gratitude-a-thon day 1049: the college parenting chronicles, cont.

He came home.

He left again.

My heart feels like the board in a dart game. I am both happy and sad because I love to wrap my arms around him when he arrives. The angels sing and I hear harps.  But I hate to do the same when he leaves because I think one of these times I might not let him go, Just. Not. Let. Him. Go. I want to scream “Stay” the entire time he is here.  I never do. I never tell him to stay. I might, maybe tell him how much I miss him. But I never tell him to stay.

I say goodbye an hour before he heads to the airport because I have to sleep through the actual farewell. I have to, or I will bust wide open and c’mon, who wants to clean up that mess?

If you think it’s hard to say goodbye when they’re little, and you leave them at pre-school, you will not like this part of parenting much. It’s like the first sip of a cold lemonade on a hot day, but also tending to that bitch of a burn you got drinking that stuff in the sun. It’s the start of a great novel, but the sadness you feel when you get to the last page, too. It’s a day at the beach, but all that sand in your ass when you shower at home.

California is much further away than it should be. Like, is it possible for it to be a little closer? Can someone arrange this? Just like three hours closer. I’m not asking for that much. It’s pretty simple. Anyone? Anyone cover that for me?

They can’t live with you when they’re adults. I know this. They have to grow up. But like, maybe just on this coast? Will he ever come back to this coast? I just wish we were able to shove some food in our mouths together once a week, without having to travel seven hours. You know?

Must be something in my eye. Have to stop writing because of it. Maybe something in both eyes. Something they didn’t tell me about when I was pregnant.

gratitude-a-thon day 769: parenting the adult kid

 

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News bulletin from the front lines of grown up kid parenting: this shit is hard. There are so many stages, so many times you have to morph into another kind of caretaker, guide, bringer upper. There are so many issues, events, and experiences that you know how to handle, and could help your child handle, but are disinvited to even say even a word about (I generally say what I think anyway, but I could be using sign language for all they seem to be hearing me). I do a lot of thinking about what my role should be as a parent, at any given moment. It’s a slippery little monster, and I often feel like “The Little Engine That Could.”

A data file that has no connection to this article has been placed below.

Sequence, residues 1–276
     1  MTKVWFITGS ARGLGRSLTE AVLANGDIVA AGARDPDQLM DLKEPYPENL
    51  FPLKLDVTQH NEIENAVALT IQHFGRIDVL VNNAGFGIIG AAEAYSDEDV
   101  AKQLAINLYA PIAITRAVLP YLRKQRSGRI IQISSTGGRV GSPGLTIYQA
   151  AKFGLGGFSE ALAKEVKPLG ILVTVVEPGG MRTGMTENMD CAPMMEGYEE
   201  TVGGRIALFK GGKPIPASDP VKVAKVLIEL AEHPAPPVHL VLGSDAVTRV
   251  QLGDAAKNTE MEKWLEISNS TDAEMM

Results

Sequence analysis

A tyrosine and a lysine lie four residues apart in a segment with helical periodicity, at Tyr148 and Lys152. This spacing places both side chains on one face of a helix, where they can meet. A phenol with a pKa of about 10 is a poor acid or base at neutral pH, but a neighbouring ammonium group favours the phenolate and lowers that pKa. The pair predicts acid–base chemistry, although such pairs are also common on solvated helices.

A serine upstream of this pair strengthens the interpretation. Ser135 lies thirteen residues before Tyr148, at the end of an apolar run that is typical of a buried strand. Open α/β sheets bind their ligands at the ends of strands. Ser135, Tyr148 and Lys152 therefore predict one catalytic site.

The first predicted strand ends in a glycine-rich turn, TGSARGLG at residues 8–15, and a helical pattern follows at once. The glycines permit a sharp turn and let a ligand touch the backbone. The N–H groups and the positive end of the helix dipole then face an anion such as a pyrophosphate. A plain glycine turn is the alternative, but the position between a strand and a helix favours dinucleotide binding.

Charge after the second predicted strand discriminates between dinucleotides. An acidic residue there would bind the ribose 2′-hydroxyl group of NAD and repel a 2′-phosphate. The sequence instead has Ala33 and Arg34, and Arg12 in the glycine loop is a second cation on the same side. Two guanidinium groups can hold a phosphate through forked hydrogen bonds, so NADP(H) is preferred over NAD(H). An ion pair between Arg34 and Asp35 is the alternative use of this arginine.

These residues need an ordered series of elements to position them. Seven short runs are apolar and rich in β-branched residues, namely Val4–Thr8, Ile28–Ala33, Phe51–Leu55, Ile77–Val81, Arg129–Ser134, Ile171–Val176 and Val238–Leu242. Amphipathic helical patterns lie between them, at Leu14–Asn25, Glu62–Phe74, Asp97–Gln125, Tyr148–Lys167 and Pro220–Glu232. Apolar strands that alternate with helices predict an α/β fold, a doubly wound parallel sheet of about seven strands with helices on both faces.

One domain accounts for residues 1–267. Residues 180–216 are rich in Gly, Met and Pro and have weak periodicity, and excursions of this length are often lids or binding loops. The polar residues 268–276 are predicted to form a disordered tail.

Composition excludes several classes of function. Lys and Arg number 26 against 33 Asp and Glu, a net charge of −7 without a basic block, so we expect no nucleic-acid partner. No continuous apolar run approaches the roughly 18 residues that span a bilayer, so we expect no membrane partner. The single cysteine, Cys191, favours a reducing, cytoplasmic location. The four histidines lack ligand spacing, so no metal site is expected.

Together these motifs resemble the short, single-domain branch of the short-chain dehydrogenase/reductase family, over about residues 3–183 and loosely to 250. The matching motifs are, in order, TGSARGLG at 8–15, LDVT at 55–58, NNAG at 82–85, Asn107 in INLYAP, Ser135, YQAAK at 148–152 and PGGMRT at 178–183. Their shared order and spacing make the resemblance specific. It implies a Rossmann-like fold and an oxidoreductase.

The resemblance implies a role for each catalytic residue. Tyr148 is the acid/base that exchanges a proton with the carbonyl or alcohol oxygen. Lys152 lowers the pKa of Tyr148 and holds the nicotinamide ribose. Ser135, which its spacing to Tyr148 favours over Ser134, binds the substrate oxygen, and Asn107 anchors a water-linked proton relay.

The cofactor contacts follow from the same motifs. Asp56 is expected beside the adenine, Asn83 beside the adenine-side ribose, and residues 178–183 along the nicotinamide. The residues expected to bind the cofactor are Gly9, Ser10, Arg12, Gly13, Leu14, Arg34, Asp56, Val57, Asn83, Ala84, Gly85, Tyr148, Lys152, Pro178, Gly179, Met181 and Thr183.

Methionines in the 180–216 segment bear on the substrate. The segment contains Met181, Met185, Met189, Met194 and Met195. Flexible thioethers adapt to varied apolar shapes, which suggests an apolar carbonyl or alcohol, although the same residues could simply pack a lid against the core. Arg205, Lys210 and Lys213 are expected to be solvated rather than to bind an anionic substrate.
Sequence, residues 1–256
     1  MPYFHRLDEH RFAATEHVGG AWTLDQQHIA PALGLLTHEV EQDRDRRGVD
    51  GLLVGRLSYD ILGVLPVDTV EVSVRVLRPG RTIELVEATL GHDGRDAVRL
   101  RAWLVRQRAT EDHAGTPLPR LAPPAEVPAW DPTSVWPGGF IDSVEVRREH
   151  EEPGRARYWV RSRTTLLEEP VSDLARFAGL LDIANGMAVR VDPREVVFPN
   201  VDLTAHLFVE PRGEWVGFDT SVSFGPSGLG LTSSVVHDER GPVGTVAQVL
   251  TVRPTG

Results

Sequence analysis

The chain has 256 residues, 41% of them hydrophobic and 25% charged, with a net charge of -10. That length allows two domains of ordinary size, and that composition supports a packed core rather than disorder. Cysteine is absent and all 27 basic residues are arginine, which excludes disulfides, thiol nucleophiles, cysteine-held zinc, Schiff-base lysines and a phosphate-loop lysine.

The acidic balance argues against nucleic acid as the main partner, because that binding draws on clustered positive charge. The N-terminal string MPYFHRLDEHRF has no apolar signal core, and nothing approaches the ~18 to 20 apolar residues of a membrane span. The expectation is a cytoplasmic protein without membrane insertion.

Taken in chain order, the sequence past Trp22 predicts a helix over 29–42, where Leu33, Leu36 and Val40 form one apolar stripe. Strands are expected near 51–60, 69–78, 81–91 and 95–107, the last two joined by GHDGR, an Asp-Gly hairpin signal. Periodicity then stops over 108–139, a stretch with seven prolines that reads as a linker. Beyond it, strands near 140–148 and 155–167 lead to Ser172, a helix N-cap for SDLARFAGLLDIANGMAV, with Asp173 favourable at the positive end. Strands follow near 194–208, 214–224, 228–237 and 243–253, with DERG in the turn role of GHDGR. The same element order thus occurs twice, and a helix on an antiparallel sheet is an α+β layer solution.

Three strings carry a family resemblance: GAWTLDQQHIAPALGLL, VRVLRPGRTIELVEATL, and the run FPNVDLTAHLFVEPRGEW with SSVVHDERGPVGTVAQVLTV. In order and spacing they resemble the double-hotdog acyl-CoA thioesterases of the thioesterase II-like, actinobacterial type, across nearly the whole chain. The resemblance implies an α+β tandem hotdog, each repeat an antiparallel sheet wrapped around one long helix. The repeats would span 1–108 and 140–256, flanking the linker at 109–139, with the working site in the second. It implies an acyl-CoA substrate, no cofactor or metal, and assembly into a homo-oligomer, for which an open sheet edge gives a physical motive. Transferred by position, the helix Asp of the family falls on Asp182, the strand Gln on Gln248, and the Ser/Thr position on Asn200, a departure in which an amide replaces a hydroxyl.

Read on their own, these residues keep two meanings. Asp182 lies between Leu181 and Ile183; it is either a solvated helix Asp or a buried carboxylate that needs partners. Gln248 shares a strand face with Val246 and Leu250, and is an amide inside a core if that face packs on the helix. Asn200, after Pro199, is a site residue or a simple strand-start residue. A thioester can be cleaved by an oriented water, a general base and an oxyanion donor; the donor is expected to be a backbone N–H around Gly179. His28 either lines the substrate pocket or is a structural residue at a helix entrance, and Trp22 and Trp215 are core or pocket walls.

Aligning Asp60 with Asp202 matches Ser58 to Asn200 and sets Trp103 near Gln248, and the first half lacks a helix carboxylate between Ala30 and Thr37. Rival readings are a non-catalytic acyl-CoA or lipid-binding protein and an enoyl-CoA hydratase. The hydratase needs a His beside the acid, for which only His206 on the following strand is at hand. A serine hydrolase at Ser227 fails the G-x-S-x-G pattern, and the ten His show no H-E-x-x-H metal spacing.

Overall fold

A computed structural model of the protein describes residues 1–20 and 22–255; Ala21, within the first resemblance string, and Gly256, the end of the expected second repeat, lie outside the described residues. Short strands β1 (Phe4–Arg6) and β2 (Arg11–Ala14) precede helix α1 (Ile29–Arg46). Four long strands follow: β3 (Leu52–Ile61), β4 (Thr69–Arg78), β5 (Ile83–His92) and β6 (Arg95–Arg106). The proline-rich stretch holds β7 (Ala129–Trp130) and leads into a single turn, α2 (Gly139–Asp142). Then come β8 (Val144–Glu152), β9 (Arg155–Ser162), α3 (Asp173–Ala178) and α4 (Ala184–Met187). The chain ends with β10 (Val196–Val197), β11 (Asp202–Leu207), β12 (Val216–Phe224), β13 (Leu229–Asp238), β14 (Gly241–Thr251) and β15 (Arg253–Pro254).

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Your role is pretty clear when they’re little and you’re nursing, and keeping them safe and clean. Sure, the exhaustion factor is over the top, but the rules are straight forward. But when they’re older? When they’re old enough to have relationships with the opposite sex, and drink legally, and live independently at college? Well, then what? Is it about money? Does what you’re paying for (like college, apartment, clothing) allow you to demand certain rules be followed? Are they even listening to you, anyway?

I really enjoy my adult kids. They are adorable and funny. And I would want to know them even if they weren’t biologically related to me, and hadn’t caused me a combination of four years of interrupted sleep, and a saggy stomach. But am I giving them any advice they’re using these days, I wonder? Have I just become an old lady, who keeps losing her phone?

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The thing is, I totally dismissed my parents  when I was older. They were constantly worried about me (just like I am worried about my kids), and always doling out cautionary tales that I thought were stupid, and that I let go in one ear and straight out the other. I felt like they were overreactive, like their ideas were antiquated, and their responses reactionary. Is this what my kids do with my thoughtful and well researched advice? Are they talking behind my back about how silly I am?

I am not silly. I swear. I know a thing or two. And I am social media savvy enough to know a little about what’s going on out there in the bigger world.

But does it even matter? Do kids just have to ignore their parents in an effort to strengthen their own independence?

Should I even keep bothering?

Of course I should, and will. Even though, I know that they are only partially listening, or editing my words as they are coming out of my mouth, or tuning out altogether. But I also know that when I was in a clutch situation in my young adult life, I would flip through the conversations and repetitive advice from my parents and use it. When I needed it, and didn’t have any idea what to do, when my moral compass was spinning, my mind blank, I thought back to Art and Louise, and pictured their faces, and all they’d taught me.

I hope my kids will do the same. Hopefully, some of what I’m droning on about will, at some point, be helpful. Until then, I will have to take comfort in the fact that Riley still listens to me (sometimes, anyway).

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